He finished with 14 points for the Spartans, second-most on the team, in just 18 minutes of action.

“Foster Loyer came in and made some big, big plays,” said Michigan State coach Tom Izzo. “I’ve watched Foster for three years do that. He averaged 40 in the state tournament. So that was good. He looked so smooth and comfortable [March 15] and definitely saved us in the first half.”

Michigan State head coach Tom Izzo gives game perspectives to the media after the Spartans’ win over Wisconsin in the Big Ten tournament semifinal at the United Center in Chicago. (Neel Madhavan/MEDILL)

Junior guard Cassius Winston was psyched by what he saw from his back-up, jumping up-and-down, celebrating each of Loyer’s threes while he was on the bench.

“You saw me — you know I was going crazy for him,” Winston said. “Like I said, I know what that feels like.”

Against the Buckeyes, Izzo won his 600th career game, further adding to the legendary coach’s already-long list of accomplishments.

“It means good things,” Izzo said. “You’re getting old, and you’re 600 shy of Mike Krzyzewski and Jim Boeheim. It keeps you humble, and it makes you realize you haven’t accomplished that much yet.”

Michigan State’s second leading scorer Nick Ward returned to the court for the first time since Feb. 17 when, according to The State News, he suffered a hairline fracture in his left hand.

In the second half, Winston drained a three while getting fouled, and followed it up with an alley-oop pass to freshman forward Aaron Henry for a dunk with about eight minutes left in the second half to put an end to a brief Buckeye-run and seal the deal for the Spartans.

Shorthanded Nebraska’s brief Cinderella run includes upset of No. 21 Maryland

March 14

Even with two of its guards playing 120 out of a possible 120 minutes through three games and the team shorthanded due to injuries and a suspension, Nebraska didn’t quit.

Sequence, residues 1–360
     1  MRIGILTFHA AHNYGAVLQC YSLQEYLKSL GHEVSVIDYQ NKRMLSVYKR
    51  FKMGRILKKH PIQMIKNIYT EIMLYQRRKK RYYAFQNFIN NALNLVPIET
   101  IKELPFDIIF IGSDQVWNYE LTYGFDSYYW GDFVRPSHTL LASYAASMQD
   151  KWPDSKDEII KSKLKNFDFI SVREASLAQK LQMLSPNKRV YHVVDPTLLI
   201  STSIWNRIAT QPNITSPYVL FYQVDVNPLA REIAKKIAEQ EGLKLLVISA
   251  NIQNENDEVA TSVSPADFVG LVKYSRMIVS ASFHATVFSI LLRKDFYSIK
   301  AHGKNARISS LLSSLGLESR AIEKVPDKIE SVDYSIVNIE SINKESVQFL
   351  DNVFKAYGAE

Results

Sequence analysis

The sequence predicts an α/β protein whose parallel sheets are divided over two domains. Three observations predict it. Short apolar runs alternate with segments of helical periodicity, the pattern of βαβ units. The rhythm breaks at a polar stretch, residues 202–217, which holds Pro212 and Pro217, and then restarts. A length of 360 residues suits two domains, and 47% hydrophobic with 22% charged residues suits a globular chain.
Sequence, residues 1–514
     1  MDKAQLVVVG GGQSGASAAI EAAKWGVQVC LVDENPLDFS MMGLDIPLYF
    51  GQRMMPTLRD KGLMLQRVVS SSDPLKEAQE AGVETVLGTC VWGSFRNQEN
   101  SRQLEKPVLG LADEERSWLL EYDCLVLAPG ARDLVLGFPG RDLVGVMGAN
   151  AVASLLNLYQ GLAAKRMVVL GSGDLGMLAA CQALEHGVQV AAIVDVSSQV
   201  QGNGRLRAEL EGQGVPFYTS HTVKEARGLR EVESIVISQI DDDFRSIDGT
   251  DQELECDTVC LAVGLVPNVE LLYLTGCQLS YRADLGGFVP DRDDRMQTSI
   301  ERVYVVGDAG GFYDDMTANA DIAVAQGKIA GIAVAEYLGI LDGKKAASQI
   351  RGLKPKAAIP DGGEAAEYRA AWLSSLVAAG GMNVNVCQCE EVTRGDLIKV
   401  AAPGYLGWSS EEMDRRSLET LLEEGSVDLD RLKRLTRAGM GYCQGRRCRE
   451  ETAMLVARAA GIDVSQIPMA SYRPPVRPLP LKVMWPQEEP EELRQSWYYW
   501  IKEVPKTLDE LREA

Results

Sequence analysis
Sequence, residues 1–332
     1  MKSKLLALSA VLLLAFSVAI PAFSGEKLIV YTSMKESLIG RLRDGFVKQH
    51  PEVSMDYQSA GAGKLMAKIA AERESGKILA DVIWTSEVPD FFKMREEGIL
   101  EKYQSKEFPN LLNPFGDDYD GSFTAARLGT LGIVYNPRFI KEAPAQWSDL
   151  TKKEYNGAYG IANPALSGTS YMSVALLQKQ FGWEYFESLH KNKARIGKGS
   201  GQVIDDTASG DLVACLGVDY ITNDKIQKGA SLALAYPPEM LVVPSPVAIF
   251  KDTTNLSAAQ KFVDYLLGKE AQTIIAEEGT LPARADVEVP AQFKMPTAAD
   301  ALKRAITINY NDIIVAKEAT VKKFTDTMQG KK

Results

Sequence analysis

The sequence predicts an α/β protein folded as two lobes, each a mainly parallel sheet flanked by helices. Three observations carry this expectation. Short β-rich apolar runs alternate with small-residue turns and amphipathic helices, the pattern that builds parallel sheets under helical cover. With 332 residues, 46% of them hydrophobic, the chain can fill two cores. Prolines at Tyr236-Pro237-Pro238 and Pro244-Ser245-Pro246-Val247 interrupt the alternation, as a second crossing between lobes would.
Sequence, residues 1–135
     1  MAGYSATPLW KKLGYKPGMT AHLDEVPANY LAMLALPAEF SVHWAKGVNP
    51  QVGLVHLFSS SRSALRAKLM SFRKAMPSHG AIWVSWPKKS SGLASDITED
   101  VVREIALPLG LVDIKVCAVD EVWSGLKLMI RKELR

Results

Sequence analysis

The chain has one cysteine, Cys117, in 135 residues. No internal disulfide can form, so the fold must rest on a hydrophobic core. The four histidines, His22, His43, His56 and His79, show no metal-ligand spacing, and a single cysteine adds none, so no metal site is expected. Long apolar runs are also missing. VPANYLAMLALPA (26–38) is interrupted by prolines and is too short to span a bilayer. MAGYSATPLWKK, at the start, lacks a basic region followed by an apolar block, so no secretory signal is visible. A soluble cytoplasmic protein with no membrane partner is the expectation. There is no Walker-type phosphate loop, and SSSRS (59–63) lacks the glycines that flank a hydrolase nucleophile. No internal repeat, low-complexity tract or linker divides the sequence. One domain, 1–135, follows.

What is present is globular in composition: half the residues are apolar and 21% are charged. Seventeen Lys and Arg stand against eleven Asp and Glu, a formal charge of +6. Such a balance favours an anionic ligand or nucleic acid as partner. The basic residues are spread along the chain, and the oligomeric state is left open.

The Cornhuskers beat Rutgers 68-61 in the first round and upset No. 21 Maryland 69-61 in the second round, but ultimately couldn’t overcome Wisconsin in the quarterfinals of the Big Ten tournament, falling 66-62.

Nebraska’s senior guards James Palmer and Glynn Watson Jr. each played the 120 minutes through three games, while junior forward Isaiah Roby played 116 out of the possible 120 minutes. The trio fought through fatigue and the grind of playing three games in three days.

Playing against Maryland, the Huskers were forced to utilize just a seven-man rotation and against Wisconsin decided to shrink that to just six.

“A lot of teams would just say, we’ve got seven guys, there’s no way, and they’d quit,” said Nebraska coach Tim Miles after the victory over Maryland.

Miles emphasized the play of some of the team’s more inexperienced players like guard Johnny Trueblood and forward Brady Heiman, and how they stepped up and were able to jell with the team’s core of Roby, Palmer and Watson Jr.

“Not every team is like that,” Miles said. “I think that says a lot about our young guys, and that’s really important. So, I think that is probably that mentality is the thing I’m most proud of.”

Both the Huskers and the Terrapins struggled to score early on, but once Nebraska got into a groove, the Huskers built a 13-point lead in the first half that set the tone for the rest of the game.

“It was definitely big,” Palmer said after the Maryland win. “We knew they were going to come out and make a run. I just know we were playing terrific defense and we were just ready to come to play.”

Palmer caught fire for 34 points against Rutgers, then followed that up with 24 points against Maryland, before finishing with 15 points against Wisconsin.

The Huskers just couldn’t get over the hump against the Badgers, despite hanging around for the entire game.

Pardon and Law bid farewell to Northwestern

March 13